President Donald Trump continually comments on how much he loves farmers and how he has their best interests in mind. This week, while delivering remarks on energy in Pennsylvania, Trump went off script and seemingly showed a lack of understanding of agriculture’s role in global trading markets.
Trump diverted from his planned topic of energy and interjected with talk about trade with Japan, where he directly discounted the importance of wheat exports to the market. “Many car plants -- they’re coming in from Japan. I told Prime Minister [Shinzo] Abe ... ‘Listen, we have a massive deficit with Japan.’ They send thousands and thousands -- millions -- of cars. We send them wheat. Wheat (laughter). That’s not a good deal, and they don’t even want our wheat. They do it because they want us to at least feel that we’re okay. You know, they do it to make us feel good,” the official White House transcript said of the speech.
The National Association of Wheat Growers (NAWG) was quick to respond, pointing out that Japan is the number-one market for U.S. wheat exports, on average, not because they want U.S. farmers to feel okay; “they buy it because it’s the highest-quality wheat in the world,” NAWG noted in a tweet response.
The comments come at a time when the U.S. wheat industry is one of many sectors that could see a downward spiral in farm-gate prices due to the Trump Administration's trade actions.
In his first days in office, Trump withdrew from the Trans-Pacific Partnership (TPP). When the remaining 11 TPP member countries signed an updated agreement without the U.S. on March 8, 2018, it created a looming disaster for U.S. wheat farmers and related industries.
The deal would gradually discount the effective tariff millers pay for imported Australian and Canadian milling wheat from more than $150 to about $85 per metric ton. This process began on Dec. 31, 2018, followed by a second round of cuts on April 1, 2019. This discount for competitor wheat will continue to grow until 2026, when U.S. wheat exports will be at a $65-70/mt disadvantage.
No China relief for ag
Earlier this week, Trump also decided how to impose 10% tariffs on goods Americans buy from China. Although it was a recognition by the Administration that Americans -- not China -- are starting to bear the burden of the tariffs, it still falls short of offering the solution farmers keep asking for: trade, not aid.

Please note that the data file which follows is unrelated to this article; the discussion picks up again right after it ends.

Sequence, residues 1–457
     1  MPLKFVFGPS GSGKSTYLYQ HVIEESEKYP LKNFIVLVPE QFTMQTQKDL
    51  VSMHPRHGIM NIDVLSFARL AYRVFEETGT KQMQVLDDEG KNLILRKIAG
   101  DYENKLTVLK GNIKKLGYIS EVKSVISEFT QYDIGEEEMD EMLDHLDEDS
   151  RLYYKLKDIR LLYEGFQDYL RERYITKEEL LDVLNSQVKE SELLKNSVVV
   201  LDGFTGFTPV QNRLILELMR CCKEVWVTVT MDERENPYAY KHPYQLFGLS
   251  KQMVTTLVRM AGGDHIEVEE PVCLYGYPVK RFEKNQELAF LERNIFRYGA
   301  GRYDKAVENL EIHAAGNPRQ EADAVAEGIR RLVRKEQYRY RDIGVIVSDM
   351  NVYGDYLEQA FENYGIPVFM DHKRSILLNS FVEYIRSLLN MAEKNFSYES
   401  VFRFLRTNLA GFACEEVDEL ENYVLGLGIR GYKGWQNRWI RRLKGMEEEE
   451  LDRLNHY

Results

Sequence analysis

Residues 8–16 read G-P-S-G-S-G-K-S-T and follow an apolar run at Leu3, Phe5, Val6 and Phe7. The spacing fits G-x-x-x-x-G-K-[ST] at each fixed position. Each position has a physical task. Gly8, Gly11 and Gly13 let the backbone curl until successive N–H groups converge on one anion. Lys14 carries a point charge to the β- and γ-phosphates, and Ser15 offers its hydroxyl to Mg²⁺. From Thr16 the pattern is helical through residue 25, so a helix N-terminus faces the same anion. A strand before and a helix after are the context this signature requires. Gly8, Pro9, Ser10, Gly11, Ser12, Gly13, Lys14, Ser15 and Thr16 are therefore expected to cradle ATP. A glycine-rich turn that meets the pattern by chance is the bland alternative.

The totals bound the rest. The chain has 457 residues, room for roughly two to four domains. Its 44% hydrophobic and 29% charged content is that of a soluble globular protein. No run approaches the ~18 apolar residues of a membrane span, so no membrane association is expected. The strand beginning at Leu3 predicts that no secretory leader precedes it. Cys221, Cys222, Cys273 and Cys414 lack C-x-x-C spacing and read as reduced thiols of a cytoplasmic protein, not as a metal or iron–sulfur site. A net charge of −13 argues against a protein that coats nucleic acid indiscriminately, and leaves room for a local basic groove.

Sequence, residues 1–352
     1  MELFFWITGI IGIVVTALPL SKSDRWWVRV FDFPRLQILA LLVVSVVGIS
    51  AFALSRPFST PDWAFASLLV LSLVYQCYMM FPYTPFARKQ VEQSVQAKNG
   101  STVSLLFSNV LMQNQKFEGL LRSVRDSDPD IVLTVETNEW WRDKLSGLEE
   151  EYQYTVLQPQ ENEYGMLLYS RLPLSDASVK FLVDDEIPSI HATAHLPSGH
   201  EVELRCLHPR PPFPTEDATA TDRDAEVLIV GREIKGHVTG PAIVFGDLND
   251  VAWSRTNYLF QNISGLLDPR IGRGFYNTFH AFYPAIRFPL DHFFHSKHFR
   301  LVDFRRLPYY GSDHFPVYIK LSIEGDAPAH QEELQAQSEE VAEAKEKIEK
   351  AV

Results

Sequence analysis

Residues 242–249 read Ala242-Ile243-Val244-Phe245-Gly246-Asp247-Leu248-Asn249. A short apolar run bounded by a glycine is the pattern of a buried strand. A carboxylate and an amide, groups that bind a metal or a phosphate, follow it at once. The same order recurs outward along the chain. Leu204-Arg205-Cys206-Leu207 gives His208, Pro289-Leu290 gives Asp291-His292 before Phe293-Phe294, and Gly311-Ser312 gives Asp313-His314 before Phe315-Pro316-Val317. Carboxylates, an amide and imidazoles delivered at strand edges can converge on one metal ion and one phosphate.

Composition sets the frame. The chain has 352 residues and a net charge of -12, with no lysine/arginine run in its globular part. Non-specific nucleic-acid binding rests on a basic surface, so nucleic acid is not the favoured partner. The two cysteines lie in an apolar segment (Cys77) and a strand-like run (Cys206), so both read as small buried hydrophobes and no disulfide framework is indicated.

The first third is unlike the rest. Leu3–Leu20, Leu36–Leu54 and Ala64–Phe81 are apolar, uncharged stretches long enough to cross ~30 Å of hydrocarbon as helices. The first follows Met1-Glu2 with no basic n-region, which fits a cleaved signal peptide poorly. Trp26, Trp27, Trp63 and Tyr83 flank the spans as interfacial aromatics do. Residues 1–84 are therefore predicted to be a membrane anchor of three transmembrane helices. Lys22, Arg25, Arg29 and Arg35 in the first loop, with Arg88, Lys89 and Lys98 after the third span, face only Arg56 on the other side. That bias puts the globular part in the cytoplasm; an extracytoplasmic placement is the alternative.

It’s time to reopen the market with China for U.S. agricultural products.
The Tariffs Hurt the Heartland coalition in a statement said while the delay in some of the tariffs is appreciated, it clearly shows that that the Administration recognizes that tariffs are taxes paid by Americans.
"Unfortunately, today’s announcement doesn’t address the vast majority of tariffs that are driving uncertainty, putting farmers out of business and causing small businesses to slow hiring,” the coalition said in a statement.
On Wednesday, the stock market took a nearly 800-point drop amid increasing concerns that the China trade war will drag on.
According to the U.S. Department of Agriculture, $6.3 billion in agricultural export losses to China are expected this year alone.
Reports also revealed that Agriculture Secretary Sonny Perdue made a joke about farmers “whining” about Trump’s trade war.
Heidi Heitkamp, founding board member of the One Country Project and former U.S. senator for North Dakota, said Perdue’s comments are not only “ill timed and insensitive, [but] they also reflect President Trump’s attitude towards our nation’s farmers.”
Heitkamp noted that American farmers are filing for bankruptcy at alarming numbers, while U.S. farm debt is expected to reach about $427 billion this year -- the highest level since the 1980s.
“President Trump’s solution? Dismissive attitudes throughout his entire Administration. Mr. President and Mr. Perdue, it’s time for real leadership, not name calling,” Heitkamp added.
Trump commonly tweets about farmers, and it was no different on Thursday when he said farmers know how important it is to win on trade.
The time for action on trade is now. Farmers may not be able to stay afloat much longer.